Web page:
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Tampa airport pushes ahead with office building, more expansion

Construction is getting underway on the 270,000-square-foot SkyCenter One office building.

TAMPA — Talk about going to the highest and best use.

Years ago, land near the main road going into Tampa International Airport was a storage lot for damaged rental cars.

"We used to drive down here and say, ‘Oh, that was a bad one,’ " Tampa International chief executive officer Joe Lopano said Thursday.

Today those bashed-up cars are gone. In their place, construction is underway on a 9-story office building to be known as SkyCenter One.

It will be connected by a pedestrian bridge to the airport’s year-old SkyConnect train. Developers say tenants will be able to get from their desks to the airport terminal in eight minutes.

RELATED: Tampa International’s billion-dollar update creates a new airport experience

“It’s part of a vision where we said, if we build a train, maybe we could connect it to an office building or a hotel,” Lopano said. “That’s what we’re doing today.”

SkyCenter One will be on the north side of a large atrium that’s already under construction. On the south side, airport officials are looking to bring in a hotel.

The Hillsborough County Aviation Authority plans to lease three floors in the building for its offices. Moving those staffers out of the airport terminal is expected to give the airport more room for passenger operations.

The developer, VanTrust Real Estate, will lease the remaining 160,000 square feet to businesses interested in being on airport property. At the moment, there are no tenants other than the airport pre-leased in the project, but developers expect that to change by the time SkyCenter One opens in spring 2021.

“This building being in the heart of the West Shore market, we’re very confident,” VanTrust executive vice president for Florida John Carey said.

The airport is not paying for constructing the shell of the office building, which has an estimated cost of about $49 million, according to city development records.

The start of construction on Tampa International Airport's SkyCenter One office building on Thursday brought out (from left) Hillsborough County Aviation Authority board member Robert Watkins, board chairman Gary Harrod, Tampa International Airport CEO Joe Lopano, VanTrust Real Estate executive vice president for Florida John Carey and aviation authority board member Chip Diehl. In the background is the skeleton of a large atrium building that will connect the office building to the airport's SkyConnect train and a planned future hotel. (Photo courtesy Hillsborough Aviation Authority)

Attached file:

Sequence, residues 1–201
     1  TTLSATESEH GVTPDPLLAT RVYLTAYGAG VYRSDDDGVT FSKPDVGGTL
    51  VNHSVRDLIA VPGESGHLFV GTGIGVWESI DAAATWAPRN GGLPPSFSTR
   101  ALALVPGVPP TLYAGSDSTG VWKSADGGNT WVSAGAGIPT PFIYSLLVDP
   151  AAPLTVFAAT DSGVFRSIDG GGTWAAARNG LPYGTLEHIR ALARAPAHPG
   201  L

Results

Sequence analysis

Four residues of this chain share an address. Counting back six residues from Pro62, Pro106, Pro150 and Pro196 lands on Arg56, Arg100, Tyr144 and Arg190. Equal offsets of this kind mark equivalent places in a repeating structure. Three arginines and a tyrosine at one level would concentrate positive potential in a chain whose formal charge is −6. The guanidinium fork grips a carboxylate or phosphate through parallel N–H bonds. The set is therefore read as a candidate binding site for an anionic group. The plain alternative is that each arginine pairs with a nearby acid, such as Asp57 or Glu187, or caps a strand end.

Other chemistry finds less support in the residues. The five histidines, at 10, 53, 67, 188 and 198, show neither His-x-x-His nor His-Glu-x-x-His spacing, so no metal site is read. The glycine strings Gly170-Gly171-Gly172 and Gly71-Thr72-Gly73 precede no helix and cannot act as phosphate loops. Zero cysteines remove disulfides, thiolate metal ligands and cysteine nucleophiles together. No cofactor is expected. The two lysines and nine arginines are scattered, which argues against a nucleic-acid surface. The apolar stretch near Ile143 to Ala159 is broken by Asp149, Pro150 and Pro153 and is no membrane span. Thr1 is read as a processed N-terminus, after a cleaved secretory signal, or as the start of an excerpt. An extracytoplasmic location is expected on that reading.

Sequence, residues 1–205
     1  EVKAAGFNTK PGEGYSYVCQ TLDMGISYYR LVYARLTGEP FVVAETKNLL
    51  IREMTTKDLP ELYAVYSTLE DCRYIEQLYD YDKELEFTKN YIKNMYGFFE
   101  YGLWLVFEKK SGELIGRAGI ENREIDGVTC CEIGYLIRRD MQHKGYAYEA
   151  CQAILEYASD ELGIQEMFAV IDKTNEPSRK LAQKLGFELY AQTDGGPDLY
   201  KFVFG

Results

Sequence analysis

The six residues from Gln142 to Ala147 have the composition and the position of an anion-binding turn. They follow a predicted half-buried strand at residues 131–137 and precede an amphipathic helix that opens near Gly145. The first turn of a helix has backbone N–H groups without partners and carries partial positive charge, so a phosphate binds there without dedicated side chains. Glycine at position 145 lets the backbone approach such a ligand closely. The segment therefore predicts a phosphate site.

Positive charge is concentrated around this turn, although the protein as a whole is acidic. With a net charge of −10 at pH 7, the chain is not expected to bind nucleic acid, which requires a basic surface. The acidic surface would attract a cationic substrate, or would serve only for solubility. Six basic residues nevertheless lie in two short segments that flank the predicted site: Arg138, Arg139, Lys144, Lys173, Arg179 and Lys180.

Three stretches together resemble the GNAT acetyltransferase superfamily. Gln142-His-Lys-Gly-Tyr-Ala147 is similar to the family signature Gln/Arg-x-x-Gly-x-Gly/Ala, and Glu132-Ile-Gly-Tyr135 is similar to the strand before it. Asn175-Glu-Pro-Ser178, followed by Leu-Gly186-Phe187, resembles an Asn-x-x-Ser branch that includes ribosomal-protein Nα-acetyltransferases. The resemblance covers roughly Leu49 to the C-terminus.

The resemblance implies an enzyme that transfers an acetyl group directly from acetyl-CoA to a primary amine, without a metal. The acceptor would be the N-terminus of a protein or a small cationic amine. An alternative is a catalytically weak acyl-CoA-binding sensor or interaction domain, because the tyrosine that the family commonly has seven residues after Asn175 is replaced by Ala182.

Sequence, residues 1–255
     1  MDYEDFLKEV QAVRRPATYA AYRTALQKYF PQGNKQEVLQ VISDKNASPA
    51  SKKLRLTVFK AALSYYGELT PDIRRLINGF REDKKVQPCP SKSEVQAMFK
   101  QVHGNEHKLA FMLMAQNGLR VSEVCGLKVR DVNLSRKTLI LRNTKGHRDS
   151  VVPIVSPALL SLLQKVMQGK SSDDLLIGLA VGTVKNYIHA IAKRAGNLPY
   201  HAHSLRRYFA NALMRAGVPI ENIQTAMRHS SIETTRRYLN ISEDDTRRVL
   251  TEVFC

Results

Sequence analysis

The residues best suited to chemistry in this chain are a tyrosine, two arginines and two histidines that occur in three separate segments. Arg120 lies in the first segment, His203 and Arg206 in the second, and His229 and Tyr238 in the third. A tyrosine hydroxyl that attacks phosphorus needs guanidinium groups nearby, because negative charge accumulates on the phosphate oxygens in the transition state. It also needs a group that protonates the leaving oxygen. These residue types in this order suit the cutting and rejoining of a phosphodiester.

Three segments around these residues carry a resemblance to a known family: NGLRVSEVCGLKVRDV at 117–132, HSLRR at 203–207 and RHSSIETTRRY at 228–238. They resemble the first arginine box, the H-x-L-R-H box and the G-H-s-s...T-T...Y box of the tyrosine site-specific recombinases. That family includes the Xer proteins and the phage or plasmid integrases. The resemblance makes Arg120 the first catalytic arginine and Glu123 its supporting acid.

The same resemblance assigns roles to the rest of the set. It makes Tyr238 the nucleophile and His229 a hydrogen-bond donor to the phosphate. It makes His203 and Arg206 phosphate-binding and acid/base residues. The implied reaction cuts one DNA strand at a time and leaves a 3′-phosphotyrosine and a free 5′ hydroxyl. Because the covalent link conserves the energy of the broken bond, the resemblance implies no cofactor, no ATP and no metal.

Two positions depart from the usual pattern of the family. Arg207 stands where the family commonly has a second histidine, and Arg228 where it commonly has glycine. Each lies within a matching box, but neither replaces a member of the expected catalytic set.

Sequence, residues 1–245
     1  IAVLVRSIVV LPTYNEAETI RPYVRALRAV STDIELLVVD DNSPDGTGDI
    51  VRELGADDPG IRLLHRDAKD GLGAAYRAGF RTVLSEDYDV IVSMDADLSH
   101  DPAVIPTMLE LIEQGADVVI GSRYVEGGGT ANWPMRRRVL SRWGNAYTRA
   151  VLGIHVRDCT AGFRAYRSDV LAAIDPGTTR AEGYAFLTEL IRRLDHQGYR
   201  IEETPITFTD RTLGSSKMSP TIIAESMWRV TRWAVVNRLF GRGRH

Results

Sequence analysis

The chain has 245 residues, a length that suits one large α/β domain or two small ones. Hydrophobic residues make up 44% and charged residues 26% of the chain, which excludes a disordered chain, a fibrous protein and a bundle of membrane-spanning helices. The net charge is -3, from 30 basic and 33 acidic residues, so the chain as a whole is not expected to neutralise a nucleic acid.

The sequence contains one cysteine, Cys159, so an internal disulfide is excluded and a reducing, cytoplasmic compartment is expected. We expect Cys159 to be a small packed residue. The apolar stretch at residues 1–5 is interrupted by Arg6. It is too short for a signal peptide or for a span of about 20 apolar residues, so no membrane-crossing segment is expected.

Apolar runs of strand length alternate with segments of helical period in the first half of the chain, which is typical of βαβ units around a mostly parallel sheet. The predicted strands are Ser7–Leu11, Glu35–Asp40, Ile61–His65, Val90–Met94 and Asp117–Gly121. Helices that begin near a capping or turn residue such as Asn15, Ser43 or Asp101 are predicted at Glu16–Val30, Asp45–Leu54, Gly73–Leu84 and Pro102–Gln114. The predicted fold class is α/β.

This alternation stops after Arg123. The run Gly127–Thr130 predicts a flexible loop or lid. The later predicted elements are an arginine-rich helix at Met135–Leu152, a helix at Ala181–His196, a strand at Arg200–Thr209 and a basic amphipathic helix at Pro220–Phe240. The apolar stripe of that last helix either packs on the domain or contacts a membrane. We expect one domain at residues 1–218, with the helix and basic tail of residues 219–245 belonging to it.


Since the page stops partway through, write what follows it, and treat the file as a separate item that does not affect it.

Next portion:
The start of construction on Tampa International Airport's SkyCenter One office building on Thursday brought out (from left) Hillsborough County Aviation Authority board member Robert Watkins, board chairman Gary Harrod, Tampa International Airport CEO Joe Lopano, VanTrust Real Estate executive vice president for Florida John Carey and aviation authority board member Chip Diehl. In the background is the skeleton of a large atrium building that will connect the office building to the airport's SkyConnect train and a planned future hotel. (Photo courtesy Hillsborough Aviation Authority) [ Hillsborough County Aviation Authority ]

But officials said earlier this year the airport would cover the costs of preparing the 17-acre site for development ($13.5 million), building the atrium and pedestrian bridge ($53.6 million) and building out its own offices on the three floors it leases ($42.5 million).

SkyCenter One is part of the second phase of a $2 billion expansion designed to make the airport capable of handling 34 million passengers a year.

RELATED: Tampa International Airport is morphing into a mini-city unto itself

But it’s not the only part. Also Thursday, the aviation authority’s board approved another $119 million for a project to add express pickup and drop-off lanes to the main terminal and build a central utility plant that will cut the terminal’s energy consumption by 30 percent.

The expansion is only possible, Lopano said, because officials like the late George Bean designed the airport in the 1960s with an eye on future growth.

“This couldn’t have happened if it was designed like (Los Angeles) or San Francisco or any other place,” he said.

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